One of the things that I love most about sci-fi and fantasy is the permeability of the genres—their ability to constantly absorb and mutate new ideas, continually birthing entirely new sub-genre outgrowths. “Gaslamp fantasy” is a great example. I mean, steampunk was great enough already (just saying “dirigible” is awesome every single time), but “gaslamp”? I hear the word—its undertones of gothic intrigue and seduction; its suggestion of a shadowy cloak-and-dagger world beneath a sheen of Victorian propriety—and I want to go to there. What great, evocative branding. No need for more explanation.
P.N. Elrod’s The Hanged Man was my first formal “gaslamp” read, and it is as wonderful as I could have hoped. The year is 1879, but not the 1879 we know. Oh, Victoria still sits on the British throne, and the sun hasn’t set on the Empire, but it is a rather more feminist, less mournful one than Her Majesty the Unamused created in our timeline. As a young girl, Victoria spent some time with the commoners incognito, and picked up a few populist notions, even marrying (gasp!) a minor English lord rather than the serious (and prematurely doomed) Prince Albert. She also developed a few feminist notions: equal gender rights laws are on the books, and men have marshaled their smelling salts, and, for the most part (gasp again!) gotten over it.
Oh, and did I mention that this rather-more-accepting Victoria also found the time to establish a Royal Secret Service of Psychics? These skilled investigators, who can read the emotions left behind at the scene of a crime, are tasked with helping more traditional Sherlock Holmes-types tell the difference between a murder and a suicide, or an angry kidnapping from a lovers’ elopement.
But there is game afoot! In this magical environment, Her Majesty’s Psychics are not the only game in town, and a pair of suspicious, untraceable murders are the prelude to the revelation of a vast magical conspiracy with roots deep in the heart of the English ruling classes. The capabilities and identities of these enemies of the crown are unknown and, of course, time is running out.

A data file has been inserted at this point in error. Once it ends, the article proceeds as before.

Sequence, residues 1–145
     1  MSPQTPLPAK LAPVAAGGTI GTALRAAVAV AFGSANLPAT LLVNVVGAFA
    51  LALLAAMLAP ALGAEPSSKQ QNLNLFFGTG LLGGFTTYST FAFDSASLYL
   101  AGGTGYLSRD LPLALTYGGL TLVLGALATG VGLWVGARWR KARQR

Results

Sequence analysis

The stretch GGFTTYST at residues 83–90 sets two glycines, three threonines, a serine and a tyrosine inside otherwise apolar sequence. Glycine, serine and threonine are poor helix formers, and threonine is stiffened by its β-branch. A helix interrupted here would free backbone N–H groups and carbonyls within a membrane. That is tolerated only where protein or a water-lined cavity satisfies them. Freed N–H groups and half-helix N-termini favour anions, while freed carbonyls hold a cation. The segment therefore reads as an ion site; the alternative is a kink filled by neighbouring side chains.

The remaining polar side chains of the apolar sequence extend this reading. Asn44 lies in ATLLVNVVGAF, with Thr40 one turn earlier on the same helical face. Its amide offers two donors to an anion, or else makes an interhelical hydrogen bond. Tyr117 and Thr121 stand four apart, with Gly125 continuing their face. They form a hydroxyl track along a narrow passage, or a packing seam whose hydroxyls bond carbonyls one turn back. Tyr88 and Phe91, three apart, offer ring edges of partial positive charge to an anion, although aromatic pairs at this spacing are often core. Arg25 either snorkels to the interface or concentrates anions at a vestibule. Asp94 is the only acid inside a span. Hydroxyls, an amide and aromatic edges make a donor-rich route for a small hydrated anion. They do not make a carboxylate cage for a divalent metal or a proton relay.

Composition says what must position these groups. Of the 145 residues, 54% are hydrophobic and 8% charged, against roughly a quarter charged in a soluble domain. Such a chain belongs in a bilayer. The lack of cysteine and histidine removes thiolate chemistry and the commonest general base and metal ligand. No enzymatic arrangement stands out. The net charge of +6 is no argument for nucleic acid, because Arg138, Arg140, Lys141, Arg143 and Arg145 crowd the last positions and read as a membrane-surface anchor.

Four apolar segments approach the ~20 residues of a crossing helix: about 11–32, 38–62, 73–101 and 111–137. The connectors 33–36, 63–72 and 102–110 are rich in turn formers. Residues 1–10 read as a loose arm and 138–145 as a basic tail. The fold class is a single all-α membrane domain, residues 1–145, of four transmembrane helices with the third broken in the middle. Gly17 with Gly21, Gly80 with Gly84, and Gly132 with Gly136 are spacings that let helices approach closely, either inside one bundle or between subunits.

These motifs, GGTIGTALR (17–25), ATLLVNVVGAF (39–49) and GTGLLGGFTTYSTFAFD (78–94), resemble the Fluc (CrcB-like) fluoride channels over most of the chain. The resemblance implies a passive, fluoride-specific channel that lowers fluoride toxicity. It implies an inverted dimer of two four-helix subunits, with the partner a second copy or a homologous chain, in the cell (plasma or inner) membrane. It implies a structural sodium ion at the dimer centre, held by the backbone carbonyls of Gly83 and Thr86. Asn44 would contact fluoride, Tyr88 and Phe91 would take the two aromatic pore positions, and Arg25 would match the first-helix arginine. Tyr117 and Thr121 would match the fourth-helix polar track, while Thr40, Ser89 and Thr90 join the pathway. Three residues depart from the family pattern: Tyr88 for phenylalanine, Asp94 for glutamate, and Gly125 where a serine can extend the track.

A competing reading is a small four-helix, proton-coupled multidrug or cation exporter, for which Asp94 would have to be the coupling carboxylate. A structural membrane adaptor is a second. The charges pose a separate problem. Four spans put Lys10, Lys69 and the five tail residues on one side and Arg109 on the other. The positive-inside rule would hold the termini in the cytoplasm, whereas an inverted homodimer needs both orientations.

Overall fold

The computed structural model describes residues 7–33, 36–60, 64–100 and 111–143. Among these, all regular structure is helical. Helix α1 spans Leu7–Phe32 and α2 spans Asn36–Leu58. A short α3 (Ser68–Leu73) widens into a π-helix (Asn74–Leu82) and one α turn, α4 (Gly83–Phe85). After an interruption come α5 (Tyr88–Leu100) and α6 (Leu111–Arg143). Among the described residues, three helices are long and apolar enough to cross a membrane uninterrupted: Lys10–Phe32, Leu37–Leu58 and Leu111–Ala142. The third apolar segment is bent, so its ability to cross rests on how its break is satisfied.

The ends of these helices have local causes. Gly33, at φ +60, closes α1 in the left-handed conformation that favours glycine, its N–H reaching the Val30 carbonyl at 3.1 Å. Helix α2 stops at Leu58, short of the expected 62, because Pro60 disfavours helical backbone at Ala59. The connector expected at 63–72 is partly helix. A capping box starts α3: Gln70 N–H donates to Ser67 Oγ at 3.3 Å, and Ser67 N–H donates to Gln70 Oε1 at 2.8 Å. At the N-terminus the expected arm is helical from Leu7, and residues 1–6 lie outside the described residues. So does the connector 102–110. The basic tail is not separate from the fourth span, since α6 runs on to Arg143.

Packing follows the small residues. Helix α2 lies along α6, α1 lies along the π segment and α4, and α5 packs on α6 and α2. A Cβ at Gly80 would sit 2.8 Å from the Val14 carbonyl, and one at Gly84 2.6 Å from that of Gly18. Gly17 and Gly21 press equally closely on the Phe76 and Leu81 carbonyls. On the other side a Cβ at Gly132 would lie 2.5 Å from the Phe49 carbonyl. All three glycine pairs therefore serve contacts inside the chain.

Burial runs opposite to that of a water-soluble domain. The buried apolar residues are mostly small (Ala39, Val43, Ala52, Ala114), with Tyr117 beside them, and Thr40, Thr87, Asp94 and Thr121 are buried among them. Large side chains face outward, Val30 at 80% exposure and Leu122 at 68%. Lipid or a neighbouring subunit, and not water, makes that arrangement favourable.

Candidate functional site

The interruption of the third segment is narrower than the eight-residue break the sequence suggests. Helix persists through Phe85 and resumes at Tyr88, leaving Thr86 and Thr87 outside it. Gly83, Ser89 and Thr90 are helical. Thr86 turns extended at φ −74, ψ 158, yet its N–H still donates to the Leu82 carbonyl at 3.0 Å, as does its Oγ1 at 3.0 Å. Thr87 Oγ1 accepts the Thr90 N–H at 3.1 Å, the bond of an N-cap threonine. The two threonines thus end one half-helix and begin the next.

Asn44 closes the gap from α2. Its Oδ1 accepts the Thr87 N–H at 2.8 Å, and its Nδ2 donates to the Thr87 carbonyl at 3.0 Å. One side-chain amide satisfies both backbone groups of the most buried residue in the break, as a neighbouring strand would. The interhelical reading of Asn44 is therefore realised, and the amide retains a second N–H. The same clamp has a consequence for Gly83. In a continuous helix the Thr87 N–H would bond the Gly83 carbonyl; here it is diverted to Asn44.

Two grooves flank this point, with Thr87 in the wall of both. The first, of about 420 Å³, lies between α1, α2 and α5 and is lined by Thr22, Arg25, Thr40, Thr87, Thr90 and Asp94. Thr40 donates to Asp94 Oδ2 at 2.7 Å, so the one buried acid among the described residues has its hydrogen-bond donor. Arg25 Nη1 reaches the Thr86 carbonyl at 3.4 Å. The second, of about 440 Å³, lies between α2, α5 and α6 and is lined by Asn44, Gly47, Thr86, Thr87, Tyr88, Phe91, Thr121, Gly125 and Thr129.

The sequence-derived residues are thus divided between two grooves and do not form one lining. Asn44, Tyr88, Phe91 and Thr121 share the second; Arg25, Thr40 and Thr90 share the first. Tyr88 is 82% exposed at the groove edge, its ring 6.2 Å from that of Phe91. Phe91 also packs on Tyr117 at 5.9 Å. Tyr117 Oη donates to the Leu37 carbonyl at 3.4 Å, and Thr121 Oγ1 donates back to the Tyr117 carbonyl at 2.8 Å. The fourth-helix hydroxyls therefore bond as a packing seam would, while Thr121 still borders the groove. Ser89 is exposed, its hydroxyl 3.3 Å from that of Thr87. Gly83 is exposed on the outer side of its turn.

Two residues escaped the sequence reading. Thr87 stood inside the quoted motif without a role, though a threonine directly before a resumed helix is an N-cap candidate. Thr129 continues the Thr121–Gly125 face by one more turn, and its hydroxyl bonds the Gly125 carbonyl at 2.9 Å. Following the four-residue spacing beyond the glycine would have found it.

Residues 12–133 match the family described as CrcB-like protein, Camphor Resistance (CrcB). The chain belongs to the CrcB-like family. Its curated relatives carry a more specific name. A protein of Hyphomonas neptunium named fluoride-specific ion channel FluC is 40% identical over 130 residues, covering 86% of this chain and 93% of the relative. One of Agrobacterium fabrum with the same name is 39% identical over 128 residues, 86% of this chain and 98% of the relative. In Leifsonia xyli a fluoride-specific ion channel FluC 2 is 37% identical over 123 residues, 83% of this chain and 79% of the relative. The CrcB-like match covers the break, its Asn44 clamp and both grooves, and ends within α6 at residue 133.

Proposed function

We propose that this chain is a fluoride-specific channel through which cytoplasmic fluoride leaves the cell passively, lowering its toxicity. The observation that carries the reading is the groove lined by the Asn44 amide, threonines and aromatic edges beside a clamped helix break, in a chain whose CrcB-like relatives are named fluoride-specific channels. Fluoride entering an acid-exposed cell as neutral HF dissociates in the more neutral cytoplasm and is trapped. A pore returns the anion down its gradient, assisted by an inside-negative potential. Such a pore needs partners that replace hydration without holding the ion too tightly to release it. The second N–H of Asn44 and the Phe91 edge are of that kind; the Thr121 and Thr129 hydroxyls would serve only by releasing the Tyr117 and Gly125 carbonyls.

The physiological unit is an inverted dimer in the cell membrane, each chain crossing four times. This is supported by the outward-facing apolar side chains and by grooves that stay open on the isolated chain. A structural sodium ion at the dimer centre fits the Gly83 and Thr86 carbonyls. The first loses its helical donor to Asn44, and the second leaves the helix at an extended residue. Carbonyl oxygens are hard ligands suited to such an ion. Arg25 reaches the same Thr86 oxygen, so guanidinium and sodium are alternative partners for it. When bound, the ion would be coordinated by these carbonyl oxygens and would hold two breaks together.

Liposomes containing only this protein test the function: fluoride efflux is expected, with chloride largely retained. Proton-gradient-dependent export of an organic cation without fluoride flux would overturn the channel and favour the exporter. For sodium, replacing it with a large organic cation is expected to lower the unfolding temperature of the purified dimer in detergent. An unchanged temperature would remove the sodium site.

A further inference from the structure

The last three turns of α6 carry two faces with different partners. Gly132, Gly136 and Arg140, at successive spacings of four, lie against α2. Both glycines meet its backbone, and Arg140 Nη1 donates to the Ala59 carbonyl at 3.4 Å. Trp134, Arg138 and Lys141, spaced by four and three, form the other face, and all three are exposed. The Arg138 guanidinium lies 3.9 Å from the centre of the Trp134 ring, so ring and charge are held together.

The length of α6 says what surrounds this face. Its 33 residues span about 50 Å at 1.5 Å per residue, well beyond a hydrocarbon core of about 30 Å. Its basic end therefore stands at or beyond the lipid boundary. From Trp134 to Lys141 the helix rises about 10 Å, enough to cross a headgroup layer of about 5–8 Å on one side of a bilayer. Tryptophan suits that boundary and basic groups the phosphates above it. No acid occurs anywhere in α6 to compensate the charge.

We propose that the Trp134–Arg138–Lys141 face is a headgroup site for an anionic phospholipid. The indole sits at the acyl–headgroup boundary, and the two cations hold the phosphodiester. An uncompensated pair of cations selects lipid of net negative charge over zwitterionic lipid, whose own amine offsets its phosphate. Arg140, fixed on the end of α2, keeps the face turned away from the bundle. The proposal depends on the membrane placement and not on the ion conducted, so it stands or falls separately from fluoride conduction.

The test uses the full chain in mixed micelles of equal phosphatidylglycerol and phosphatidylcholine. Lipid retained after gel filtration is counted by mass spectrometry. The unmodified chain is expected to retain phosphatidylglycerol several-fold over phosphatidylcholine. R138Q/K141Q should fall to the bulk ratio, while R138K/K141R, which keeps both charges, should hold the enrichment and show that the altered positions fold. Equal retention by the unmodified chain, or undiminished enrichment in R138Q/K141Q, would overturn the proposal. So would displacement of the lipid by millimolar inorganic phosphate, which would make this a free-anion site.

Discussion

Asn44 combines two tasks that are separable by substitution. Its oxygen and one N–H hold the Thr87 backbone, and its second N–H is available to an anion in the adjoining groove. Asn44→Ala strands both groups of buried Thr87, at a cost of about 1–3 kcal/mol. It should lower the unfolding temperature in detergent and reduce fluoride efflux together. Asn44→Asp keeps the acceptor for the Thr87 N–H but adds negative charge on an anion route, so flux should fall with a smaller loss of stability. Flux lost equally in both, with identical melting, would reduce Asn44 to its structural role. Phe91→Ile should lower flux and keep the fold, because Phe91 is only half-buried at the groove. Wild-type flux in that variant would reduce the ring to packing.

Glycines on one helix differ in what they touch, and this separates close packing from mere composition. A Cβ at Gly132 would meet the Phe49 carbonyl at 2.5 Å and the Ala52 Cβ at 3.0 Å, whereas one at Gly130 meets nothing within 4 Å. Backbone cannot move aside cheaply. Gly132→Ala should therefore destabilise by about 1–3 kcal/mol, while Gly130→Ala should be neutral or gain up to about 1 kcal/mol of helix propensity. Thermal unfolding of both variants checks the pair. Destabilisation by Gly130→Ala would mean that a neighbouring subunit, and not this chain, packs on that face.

Sounds like tons of fun, right? And it absolutely is. It features a heroine I absolutely adore. Alexandrina “Alex” Victoria Pendlebury is a psychic, trained by the services from childhood. She is marvelously logical, determined, and passionate, without needing to prove a thing to anyone (you may hold the door for her if she finds that her dress makes that helpful—but she’ll carry her own gun, thank you). She is a well-rounded feminist heroine, allowed to retain her flaws, imperfections, and weaknesses, to faint and shoot up the place, to blush over a boy and rescue a friend.
The supporting cast offers up rakish blokes with tilted hats straight out of the best of central casting, ambiguously grey anti-heroes we’re never quite sure of, and hard-bitten veterans who’ve been around the ugliest blocks imaginable. Madness peeks in almost everyone’s door, creeping a little closer with each battle. (There’s a possible “gaslighting” element to this “gaslamp” tale.) Despite the darkness, Elrod never lets her characters lose their sense of humor or adventure (It’s not in every book that one can crack wise during a satanic orgy), but when she indulges in the true gothic-ness of it all, you really feel it. The cold of a foggy London Christmas seeps into your bones, and you can see the mist of your breath rising with the steam from the horses on the carriage waiting outside. Shadows cling to everything, and you’re ready to jump at the slightest movement.
Elrod delights in playing around in her alt-Victorian toy box. We encounter Tories and Liberals, political groups and entrenched aristocrats, and growing technological advances and scientific inquiry, all within the same booming economy and Empire that Victoria controlled. As in Jonathan Strange and Mr. Norrell, magic fits into this world as one more piece of the pie, treated with as much skepticism as newfangled contraptions like typewriters and hot air balloons, which feels just right. And there’s more to come! The story wraps up, but leaves many intriguing elements of its magical community unexplored.
Fill up your tea mug, turn on your gaslamp, and get ready for a seriously enjoyable time.